12 January 2010

Ramen

Tonight, I'm going to write about one of my favourite things - cuts of meat that are cheap. That's right, baby. We're talking pig's necks and chicken feet. We're going to extract the deliciousness out of these cheap babies and serve up a ramen broth that is mind-blowingly tasty. Rich and salty. Layered and complex. And just so damn yummy.

This ramen broth comes from a book that Santa brought me: Momofuku. The author, David Chang, serves up unconventional Asian fare, making fun substitutions like bacon for for katsuo-bushi (smoked, dried tuna chunks). His book has bold flavours and bold language. And you should get a copy for yourself ASAP. But back to the ramen:
2 3x6 inch pieces of konbu
6 quarts water
2 cups dried shiitakes
4 pounds chicken bits (like feet!)
5 pounds meaty pork bones (like meaty pig necks!)
1 pound smoky bacon
1 bunch scallions
1 medium onion, cut in half
2 large carrots, peeled and chopped
taré to taste (or salt, soy sauce and mirin to taste)
Let's make some broth. (Start early, because this one takes about 10 hours).

Konbu is available at Asian grocery stores in big sheets. It's basically kelp:

Konbu

Drop the kelp into a pot with the water, and bring to a boil. Turn off the heat, and let soak for ten minutes to leach out some nice, kelpy goodness.

Konbu in water

At this stage, the broth will smell a little like a wharf. (And not in a good way).

Konbu broth

Now remove the kelp, and add the dried shiitakes.

Dried shiitake

Turn the heat back on and simmer gently for half an hour. They'll change from the pruned up dried shiitakes into these delicious little things:

Dried shiitake in water

After half an hour, fish them out of the broth (and reserve them for stew or for putting in the finished ramen if you like). The broth will now have an even darker colour to it, and have a nice earthy aroma.

Shiitake broth

From here on out, the smells are crazy good. I bought 4 lbs of chicken feet for less than $7.00. Perfect cut for stock. And plus: chicken feet! How much fun is that?

Glorious chicken feet

Gently lower the chicken feet into the screaming hot broth. Simmer the chicken feet for an hour, until the meat loosens from the feet and you've added all kinds of chickeny, footy goodness to the broth.

Chicken feet in water

The chicken feet will puff up a bit.

Chicken feet in broth

While those chicken feet are gently simmering, you can brown the pork.

Pig necks

Pre-heat the oven to 400°F. Pat down the meat to dry, then place it on a cookie sheet. Brown for an hour or so, flipping it once around half way through. It should look and smell delicious (I often use smell as a way to remind me to check the oven - if you can smell it, it's probably well on its way).

Browned pork necks

After the chicken has been gently simmering for an hour, pull the chicken out of the broth. Place the browned pork in the pot and the bacon, and continue to simmer, for one hour. Remove the bacon and discard. Skim periodically, and keep enough water in the pot to cover the pork. Simmer, simmer, simmer, for 5 to 6 hours, while it makes your home smell like pork soup, YUM! In the last hour, add the vegetables.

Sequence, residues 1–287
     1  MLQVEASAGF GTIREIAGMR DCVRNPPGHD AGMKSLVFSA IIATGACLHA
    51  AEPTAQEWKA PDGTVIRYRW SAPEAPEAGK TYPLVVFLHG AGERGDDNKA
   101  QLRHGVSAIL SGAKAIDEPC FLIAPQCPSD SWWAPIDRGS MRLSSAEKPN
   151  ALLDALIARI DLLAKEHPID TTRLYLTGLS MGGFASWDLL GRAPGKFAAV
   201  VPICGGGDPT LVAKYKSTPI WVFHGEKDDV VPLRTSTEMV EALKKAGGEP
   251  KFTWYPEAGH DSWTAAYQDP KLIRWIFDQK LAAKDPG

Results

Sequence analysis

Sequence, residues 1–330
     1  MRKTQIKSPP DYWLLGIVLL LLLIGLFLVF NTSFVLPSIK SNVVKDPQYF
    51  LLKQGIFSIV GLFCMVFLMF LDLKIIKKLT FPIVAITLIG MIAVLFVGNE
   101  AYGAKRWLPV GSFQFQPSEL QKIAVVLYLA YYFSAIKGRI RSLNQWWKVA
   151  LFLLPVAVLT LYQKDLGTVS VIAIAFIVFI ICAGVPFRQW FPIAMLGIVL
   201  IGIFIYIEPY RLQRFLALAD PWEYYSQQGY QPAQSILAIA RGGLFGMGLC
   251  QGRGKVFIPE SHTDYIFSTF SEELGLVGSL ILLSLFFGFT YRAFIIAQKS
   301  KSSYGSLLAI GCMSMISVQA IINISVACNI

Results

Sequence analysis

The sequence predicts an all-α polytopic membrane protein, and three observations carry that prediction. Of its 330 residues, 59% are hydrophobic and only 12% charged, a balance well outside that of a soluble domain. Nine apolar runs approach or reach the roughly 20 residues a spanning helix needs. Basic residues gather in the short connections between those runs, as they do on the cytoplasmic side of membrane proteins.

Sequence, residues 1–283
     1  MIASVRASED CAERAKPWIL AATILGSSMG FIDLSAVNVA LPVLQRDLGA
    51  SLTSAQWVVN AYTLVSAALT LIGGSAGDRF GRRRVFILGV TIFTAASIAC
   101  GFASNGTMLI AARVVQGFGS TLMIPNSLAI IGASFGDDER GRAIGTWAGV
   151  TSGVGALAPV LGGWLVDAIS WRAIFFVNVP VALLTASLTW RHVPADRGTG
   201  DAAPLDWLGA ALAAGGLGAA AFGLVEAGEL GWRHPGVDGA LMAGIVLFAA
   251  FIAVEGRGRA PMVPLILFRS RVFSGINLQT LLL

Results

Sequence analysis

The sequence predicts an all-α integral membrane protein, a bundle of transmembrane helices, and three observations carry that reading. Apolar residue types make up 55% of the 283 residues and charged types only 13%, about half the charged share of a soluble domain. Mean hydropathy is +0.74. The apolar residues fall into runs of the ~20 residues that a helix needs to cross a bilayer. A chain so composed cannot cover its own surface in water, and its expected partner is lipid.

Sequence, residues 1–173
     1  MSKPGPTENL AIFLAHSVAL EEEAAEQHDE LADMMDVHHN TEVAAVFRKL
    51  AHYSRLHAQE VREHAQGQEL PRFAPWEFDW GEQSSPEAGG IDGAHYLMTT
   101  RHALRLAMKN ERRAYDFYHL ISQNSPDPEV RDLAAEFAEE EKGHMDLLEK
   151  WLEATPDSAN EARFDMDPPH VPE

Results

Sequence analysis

Final broth

Simmer for one more hour with the vegetables, then pour the broth through a fine sieve. Season with taré to taste. (I used a lot, and made the broth nice and salty). From David Chang's book:
"Taste it and get it right. I like it so it's not quite too salty but almost. Very seasoned. Under-seasoned broth is a crime."
Yeah, baby! We then briefly boiled some fresh ramen noodles from our local Asian market, and served the ramen broth in a bowl with the noodles, some leftover smoked turkey and a little bit of cilantro garnish.

Ramen

This broth is soooo good. It's rich and salty and has multiple layers to it. And it keeps pretty well in the fridge (I've had this soup 3 times this week). Next time I make it, we're going to make a *much* larger batch, and freeze it.

If everything else in this book is even half as good as the ramen broth, Momofuku is going to bring me a lot of pleasure in 2010. Yum.

5 comments:

Mike said...

I just got Momofuku as well, and the ramen is definitely on my hit list (although there are a ton of dishes in the book that I want to make). Your rendition looks really good!

Bbq Dude said...

Yeah, we've made a few things from Momofuku, and they've all been really, really good. I'm looking forward to playing with this book this year.

Dr. Ricky said...

Let's not forget that we tried to make noodles as described in Momofuku, but unfortunately, without a pasta machine, proved so physically tiring it wasn't worth the $2 in savings from buying commercially made noodles.

CheeseMonger said...

Hi,

I have a quick question- we are going to make this on an upcoming weekend- we've got the kombu, feet and necks, just need the time.

I'm curious that most recipes call for miso- how would that change things, in your opinion, or are those just "shortcut" recipes?

Bbq Dude said...

Miso ramen will have a slightly different flavour. It's just another source of that delicious umami flavour. That said, I had a miso ramen recently (at Yakyudori Ramen in San Diego), and I didn't like it as much as their other ramens. Individual taste, I think.

The only ramen recipe I can highly endorse is this one, because it's the only one I've ever tried to make. Hope that helps!

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